Driving somewhere? There's a gov't record of that

Discussion in 'Up to the Minute' started by noZme, Jul 17, 2013.

  1. noZme

    noZme Active Member

    Messages:
    4,236
    Likes Received:
    7
    Trophy Points:
    38
    Using automated scanners, law enforcement agencies across the country have amassed millions of digital records on the location and movement of every vehicle with a license plate. Affixed to police cars, bridges or buildings, the scanners capture images of passing or parked vehicles and note their location, uploading that information into police databases.

    "As the technology becomes cheaper and more ubiquitous, and federal grants focus on aiding local terrorist detection, even small police agencies are able to deploy more sophisticated surveillance systems. While the Supreme Court ruled in 2012 that a judge's approval is needed to track a car with GPS, networks of plate scanners allow police effectively to track a driver's location, sometimes several times every day, with few legal restrictions."

    Law enforcement officials said the scanners can be crucial to tracking suspicious cars, aiding drug busts and finding abducted children. The ACLU has quite a different stance.

    http://apnews.myway.com/article/20130717/DA7JAB480.html

    What do you think?
     
  2. Loading...


  3. Donjeta

    Donjeta Adji Desir, missing from Florida

    Messages:
    19,248
    Likes Received:
    11
    Trophy Points:
    38

    Well, that would be the expected result, wouldn't it? At least i sincerely hope so and want to cling to my belief that it's just a small fraction of the drivers on the road who are dangerous criminals and fugitives.
     
  4. TracyLynnS

    TracyLynnS New Member

    Messages:
    508
    Likes Received:
    0
    Trophy Points:
    0
    I don't think this is an efficient use of my tax dollars.

    The government's record of locating and keeping us safe from the local "terrorists" is pretty darn crappy.... but kudos to them on catching all those lapsed registration violators. :facepalm:
     
  5. Thundar

    Thundar New Member

    Messages:
    1,426
    Likes Received:
    0
    Trophy Points:
    0
    I read about this and my first thought was, well bless their hearts, I feel sorry for those that track my plate.....nothing interesting there! What a boring job that must be taking the scanned plates and running them through some sort of national data base, unless of course it is done automatically!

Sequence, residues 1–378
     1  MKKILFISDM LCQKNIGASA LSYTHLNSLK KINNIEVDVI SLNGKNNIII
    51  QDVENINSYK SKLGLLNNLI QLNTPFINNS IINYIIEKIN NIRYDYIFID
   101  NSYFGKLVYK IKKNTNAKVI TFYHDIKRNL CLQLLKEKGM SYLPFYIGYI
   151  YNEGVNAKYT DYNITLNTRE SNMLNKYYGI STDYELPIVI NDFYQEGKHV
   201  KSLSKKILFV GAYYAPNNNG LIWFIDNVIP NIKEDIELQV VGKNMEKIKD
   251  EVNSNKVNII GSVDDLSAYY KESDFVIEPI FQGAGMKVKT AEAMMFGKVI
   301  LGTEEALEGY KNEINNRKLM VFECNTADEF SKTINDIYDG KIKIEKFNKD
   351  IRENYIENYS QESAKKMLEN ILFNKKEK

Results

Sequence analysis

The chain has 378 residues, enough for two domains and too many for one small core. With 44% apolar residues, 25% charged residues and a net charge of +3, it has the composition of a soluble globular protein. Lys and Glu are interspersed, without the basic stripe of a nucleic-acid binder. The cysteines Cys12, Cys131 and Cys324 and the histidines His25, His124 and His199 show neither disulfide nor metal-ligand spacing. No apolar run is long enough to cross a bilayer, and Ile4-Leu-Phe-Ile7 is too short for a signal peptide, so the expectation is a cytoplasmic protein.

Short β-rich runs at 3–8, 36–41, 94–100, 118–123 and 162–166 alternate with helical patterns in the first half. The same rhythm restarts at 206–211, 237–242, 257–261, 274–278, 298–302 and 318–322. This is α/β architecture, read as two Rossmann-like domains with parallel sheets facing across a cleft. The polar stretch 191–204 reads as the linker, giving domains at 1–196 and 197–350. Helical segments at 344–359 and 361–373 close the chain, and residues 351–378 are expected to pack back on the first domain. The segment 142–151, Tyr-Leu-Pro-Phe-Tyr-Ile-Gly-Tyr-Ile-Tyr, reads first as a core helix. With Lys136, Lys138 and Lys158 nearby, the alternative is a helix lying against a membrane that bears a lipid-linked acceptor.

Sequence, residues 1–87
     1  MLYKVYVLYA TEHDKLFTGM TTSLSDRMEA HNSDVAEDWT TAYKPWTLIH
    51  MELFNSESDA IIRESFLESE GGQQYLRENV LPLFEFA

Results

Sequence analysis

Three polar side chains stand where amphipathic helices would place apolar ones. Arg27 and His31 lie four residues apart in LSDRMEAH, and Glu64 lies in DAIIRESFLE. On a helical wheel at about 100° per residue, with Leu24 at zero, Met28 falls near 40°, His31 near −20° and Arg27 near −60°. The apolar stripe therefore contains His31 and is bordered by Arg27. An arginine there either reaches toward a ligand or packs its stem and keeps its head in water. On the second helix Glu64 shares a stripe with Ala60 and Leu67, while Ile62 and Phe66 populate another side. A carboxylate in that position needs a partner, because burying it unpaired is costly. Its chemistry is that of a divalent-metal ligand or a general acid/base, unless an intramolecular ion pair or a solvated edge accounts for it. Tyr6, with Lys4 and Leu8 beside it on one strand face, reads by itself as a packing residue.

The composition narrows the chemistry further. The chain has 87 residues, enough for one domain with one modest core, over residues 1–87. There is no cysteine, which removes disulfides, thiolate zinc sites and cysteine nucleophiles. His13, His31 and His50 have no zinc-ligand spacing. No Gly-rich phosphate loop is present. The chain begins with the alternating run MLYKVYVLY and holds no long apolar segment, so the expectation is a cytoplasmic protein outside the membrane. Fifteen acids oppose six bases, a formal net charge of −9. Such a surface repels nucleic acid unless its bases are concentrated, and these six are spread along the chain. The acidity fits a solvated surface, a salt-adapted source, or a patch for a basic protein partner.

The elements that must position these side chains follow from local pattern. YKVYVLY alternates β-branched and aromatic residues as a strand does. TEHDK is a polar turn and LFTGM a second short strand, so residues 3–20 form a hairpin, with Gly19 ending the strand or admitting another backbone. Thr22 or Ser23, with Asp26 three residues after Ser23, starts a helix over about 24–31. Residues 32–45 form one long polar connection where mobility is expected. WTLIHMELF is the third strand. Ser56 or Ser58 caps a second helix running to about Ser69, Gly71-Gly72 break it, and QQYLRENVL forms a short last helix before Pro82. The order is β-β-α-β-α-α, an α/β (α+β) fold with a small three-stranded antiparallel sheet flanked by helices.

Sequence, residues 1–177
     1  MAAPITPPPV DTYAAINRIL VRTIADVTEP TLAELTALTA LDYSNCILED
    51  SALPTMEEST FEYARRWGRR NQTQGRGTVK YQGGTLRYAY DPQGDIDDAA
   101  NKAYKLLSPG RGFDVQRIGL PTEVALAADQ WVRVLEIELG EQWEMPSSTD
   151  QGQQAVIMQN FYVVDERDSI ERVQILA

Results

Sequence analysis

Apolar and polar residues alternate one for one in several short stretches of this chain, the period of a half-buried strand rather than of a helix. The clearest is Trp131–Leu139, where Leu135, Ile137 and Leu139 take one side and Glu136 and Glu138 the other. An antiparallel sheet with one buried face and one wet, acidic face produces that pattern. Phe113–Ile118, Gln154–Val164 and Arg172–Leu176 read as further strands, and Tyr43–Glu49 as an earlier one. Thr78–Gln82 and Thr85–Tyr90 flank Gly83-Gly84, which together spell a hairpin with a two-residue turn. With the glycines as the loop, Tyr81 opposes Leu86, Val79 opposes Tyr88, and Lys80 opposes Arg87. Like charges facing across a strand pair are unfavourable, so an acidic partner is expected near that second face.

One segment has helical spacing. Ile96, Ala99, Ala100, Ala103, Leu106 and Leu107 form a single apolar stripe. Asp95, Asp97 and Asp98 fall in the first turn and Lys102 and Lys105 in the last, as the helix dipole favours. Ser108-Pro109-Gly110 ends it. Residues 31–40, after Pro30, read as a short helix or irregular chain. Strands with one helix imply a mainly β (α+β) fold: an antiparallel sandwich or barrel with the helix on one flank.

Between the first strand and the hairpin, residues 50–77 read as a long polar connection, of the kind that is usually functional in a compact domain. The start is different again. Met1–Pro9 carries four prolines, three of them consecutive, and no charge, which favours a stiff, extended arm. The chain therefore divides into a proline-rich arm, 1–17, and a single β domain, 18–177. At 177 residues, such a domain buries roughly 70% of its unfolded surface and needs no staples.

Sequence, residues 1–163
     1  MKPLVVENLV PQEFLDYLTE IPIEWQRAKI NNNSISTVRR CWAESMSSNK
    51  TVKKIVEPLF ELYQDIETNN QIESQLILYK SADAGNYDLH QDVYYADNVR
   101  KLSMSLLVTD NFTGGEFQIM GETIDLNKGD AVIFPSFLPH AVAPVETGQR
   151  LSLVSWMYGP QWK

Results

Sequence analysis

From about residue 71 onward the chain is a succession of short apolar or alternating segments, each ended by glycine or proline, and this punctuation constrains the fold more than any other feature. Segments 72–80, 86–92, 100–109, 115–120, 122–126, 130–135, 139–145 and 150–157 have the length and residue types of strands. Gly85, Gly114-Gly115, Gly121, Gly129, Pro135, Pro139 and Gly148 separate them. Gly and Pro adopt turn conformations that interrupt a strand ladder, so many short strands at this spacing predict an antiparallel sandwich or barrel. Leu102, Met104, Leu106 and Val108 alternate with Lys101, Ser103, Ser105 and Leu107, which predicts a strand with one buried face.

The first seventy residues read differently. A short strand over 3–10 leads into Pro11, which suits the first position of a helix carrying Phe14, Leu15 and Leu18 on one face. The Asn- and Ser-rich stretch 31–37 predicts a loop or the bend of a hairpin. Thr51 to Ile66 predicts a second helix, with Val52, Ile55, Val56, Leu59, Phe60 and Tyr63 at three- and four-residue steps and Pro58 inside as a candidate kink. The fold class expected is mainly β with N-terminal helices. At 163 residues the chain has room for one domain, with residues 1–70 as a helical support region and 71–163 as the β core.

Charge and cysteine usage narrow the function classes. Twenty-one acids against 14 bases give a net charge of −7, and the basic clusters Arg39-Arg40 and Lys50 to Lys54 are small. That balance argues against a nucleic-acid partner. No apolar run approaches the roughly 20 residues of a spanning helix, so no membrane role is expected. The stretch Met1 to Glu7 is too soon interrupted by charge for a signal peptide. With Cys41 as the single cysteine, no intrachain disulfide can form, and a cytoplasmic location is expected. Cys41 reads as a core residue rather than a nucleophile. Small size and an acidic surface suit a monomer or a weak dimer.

And I agree, "government money" sure finds some strange things to be used on!
     
  6. Kimster

    Kimster Former Member

    Messages:
    58,147
    Likes Received:
    26
    Trophy Points:
    0
  7. mysteriew

    mysteriew A diamond in process

    Messages:
    23,795
    Likes Received:
    14
    Trophy Points:
    0
    When you are out in public, you have no expectation of privacy. There are security cameras, surveillance cameras, traffic cameras everywhere. The only different is that now they can use them to check a database.

    Yes it has a great capability to capture minor offenders. But will they use it for that? I don't think it would be productive or financially effective. If you have an expired registration for instance, they would have to have someone notified, someone would have to notify the proper authority in the proper jurisdiction, that authority would have to then send a person out to the proper address to write a ticket.

    Now fugitives from justice might need to worry. But with the way the government operates, by the time the proper authorities are notified, the fugitive would likely have moved on anyway.
     
  8. oh_gal

    oh_gal New Member

    Messages:
    5,939
    Likes Received:
    1
    Trophy Points:
    0
    Unless you're headed off to one type of illicit meeting or another, you probably have nothing to fear. On the other hand...if you're engaging in activities you shouldn't be...shame on you!
     

Share This Page

  1. This site uses cookies to help personalise content, tailor your experience and to keep you logged in if you register.
    By continuing to use this site, you are consenting to our use of cookies.
    Dismiss Notice